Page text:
With countless pristine beaches, mountain forests and bustling cities, Cuba is anything but an ordinary island. Although time has stood still in many respects since the revolution more than 50 years ago, the contrasts of sunny Cuba are fascinating. The historic cities of Havana and Trinidad have been faithfully restored; a walk through its streets feels like a journey into the past. If you stay in a casa particular (a private house with guest rooms), you get an interesting insight into the life of the normal Cuban. On the other hand, many luxurious hotel complexes on the magnificent coast of Cuba invite you to relax in a tropical setting. And of course, all over Cuba is an abundance of what the Caribbean island has become internationally famous for: upbeat music, rollicking dancing and, of course, rum cocktails. See other countries in North America on neovideogames.
Arriving by plane
Cubana (CU), the national airline, connects Madrid non-stop with Havana. Condor (DE) flies non-stop several times a week from Frankfurt/M. and Munich to Havana. Lufthansa (LH) connects Frankfurt/M. with Havana in cooperation with Swiss (LX) via Zurich, with KLM (KL) via Amsterdam and with Condor (DE) via Munich. Austrian Airlines (OS) fly in cooperation with KLM (KL) from Vienna via Amsterdam to Havana and Swiss (LX) via Zurich. Eurowings (EW) flies from Frankfurt/ aM to Varadero.
Note on arrival by plane
Direct entry into Cuba from US soil is prohibited for tourists of all nations under US law. U.S. cruise ships and private yachts, as well as U.S. private and business jets, are not allowed to dock or land in Cuba. However, commercial airlines are still allowed to fly direct between the US and Cuba. Travelers to Cuba must keep records of their trip, activities, contacts, etc. and keep them for five years and present them to the US authorities upon request.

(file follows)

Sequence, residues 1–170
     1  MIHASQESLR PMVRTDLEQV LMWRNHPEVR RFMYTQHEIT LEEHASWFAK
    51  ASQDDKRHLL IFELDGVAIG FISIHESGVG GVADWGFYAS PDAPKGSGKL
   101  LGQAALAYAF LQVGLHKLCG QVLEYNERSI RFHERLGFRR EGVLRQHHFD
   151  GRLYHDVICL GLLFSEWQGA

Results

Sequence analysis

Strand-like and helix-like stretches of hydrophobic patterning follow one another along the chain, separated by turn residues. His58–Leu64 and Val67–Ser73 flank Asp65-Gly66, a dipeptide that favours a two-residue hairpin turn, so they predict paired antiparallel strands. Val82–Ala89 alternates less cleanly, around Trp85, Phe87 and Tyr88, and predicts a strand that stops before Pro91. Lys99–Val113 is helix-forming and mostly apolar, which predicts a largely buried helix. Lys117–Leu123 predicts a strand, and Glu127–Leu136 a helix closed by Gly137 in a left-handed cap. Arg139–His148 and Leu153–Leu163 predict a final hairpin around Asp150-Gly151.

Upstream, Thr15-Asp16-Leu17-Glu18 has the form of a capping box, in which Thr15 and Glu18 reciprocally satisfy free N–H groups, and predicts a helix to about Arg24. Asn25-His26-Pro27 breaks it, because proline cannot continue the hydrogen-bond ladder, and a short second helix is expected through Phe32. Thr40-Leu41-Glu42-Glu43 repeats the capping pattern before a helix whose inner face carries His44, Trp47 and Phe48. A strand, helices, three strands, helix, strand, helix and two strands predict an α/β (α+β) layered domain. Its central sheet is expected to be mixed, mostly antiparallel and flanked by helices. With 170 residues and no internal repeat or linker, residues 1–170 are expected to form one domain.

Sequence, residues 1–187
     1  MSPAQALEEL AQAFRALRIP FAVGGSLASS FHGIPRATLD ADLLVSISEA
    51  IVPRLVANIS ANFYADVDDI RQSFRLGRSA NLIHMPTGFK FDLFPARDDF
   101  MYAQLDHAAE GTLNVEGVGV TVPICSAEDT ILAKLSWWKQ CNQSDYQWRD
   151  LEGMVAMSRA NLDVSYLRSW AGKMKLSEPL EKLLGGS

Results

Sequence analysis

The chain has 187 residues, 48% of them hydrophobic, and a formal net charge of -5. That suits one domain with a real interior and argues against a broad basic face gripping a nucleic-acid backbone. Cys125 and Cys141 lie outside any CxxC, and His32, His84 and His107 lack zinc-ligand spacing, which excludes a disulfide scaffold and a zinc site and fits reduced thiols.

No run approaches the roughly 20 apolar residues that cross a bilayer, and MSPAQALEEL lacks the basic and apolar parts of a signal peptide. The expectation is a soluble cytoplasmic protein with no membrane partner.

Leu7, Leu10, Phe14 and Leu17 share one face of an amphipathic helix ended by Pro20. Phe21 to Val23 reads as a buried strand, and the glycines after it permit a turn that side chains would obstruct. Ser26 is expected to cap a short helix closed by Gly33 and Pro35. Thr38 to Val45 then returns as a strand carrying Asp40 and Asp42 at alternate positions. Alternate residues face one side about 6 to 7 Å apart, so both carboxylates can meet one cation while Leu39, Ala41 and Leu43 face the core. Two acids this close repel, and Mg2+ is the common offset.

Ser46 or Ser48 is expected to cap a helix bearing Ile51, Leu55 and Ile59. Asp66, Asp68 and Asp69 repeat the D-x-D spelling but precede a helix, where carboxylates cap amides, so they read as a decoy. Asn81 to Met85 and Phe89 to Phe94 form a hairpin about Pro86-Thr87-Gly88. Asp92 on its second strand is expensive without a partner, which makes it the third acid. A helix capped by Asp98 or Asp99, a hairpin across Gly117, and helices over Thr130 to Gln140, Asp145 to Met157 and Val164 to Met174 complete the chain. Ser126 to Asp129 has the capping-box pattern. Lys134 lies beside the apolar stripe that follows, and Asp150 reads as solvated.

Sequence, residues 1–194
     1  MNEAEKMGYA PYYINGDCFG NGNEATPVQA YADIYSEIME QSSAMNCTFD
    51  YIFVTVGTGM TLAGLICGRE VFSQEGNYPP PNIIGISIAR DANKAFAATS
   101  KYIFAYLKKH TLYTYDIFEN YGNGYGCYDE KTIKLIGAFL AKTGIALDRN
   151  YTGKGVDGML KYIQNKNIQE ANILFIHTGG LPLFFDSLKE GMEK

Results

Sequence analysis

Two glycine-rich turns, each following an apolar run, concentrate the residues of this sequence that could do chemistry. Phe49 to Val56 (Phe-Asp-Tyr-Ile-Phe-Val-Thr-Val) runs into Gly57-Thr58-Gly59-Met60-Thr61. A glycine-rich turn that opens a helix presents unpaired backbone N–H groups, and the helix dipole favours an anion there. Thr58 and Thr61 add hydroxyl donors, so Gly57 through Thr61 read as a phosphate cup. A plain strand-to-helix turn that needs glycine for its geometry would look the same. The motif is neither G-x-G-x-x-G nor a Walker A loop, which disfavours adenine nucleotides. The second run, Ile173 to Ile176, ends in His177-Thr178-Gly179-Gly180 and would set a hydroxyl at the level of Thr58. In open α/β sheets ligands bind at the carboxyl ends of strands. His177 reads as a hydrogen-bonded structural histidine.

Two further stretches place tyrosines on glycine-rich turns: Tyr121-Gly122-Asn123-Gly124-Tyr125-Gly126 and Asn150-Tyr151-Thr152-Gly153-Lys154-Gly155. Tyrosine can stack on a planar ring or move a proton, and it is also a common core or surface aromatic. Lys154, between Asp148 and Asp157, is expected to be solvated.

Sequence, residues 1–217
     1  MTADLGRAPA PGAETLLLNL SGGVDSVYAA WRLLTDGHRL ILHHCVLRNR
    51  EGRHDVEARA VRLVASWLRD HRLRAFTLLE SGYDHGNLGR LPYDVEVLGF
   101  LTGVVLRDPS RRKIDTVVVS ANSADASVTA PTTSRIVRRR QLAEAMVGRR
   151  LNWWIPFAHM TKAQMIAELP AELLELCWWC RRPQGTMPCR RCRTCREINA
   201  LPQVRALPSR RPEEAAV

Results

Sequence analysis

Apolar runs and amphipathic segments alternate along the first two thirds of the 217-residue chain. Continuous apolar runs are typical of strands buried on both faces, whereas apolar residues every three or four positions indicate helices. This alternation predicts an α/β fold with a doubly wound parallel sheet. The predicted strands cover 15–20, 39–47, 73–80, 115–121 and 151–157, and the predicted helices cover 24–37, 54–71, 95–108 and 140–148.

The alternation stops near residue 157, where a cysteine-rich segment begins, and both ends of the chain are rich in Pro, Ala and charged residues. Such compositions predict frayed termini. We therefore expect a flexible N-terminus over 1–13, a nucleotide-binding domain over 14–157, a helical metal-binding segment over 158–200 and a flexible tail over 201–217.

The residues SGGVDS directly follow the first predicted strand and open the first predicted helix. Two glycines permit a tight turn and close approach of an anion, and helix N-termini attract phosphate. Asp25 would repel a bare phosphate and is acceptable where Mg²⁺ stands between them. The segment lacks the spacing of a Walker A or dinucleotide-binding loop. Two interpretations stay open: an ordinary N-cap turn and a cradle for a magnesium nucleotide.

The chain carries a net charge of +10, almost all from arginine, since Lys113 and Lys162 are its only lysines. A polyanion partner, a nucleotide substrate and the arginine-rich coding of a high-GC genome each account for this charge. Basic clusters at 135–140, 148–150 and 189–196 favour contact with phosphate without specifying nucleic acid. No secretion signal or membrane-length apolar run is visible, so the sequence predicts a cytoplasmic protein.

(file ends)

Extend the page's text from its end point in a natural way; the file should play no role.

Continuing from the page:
Frankfurt/M. – Havana: 11 hours; Munich – Havana: 11 hours 30 minutes; Dusseldorf – Havana: 10 hours 50 minutes; Zurich – Havana: 10 hours 55 minutes (both non-stop); Vienna – Havana: 13 hours 20 minutes (with stopover).
Airport taxes are already included in the ticket price.
Arrival by ship
The ports of Havana and Santiago de Cuba are destinations for numerous cruise ships from Europe and North and South America. It is also possible to moor with a private yacht, but you should notify the official authorities in advance (Marina Hemingway in Havana, Tel: +53 7 24 11 50).
The Transocean cruise line also calls at Cuba on its cruises departing from Hamburg. MSC, Phoenix and Azamara Club Cruises offer cruises from other European cities with a stopover in Cuba.
Traveling by plane
Cubana (CU) has scheduled flights between most major cities including Havana and Santiago de Cuba, Holguin, Cayo Coco and Cayo Largo. Aerogaviota (KG) serves other domestic routes and also offers charter flights.
Traveling by car/bus
The road network covers approx. 61,000 km; about half is paved. Signage is often poor or non-existent; it is therefore advisable to travel with good road maps. The A1 motorway runs from Havana in the west of the country to Santiago de Cuba and Guantanamo in the east. Shorter motorways lead from Havana in a star shape to the surrounding towns. Tolls are only payable on the Via Blanca, the route between Matanzas and Varadero. Gas stations are plentiful throughout the country.
Right-hand traffic/left-hand traffic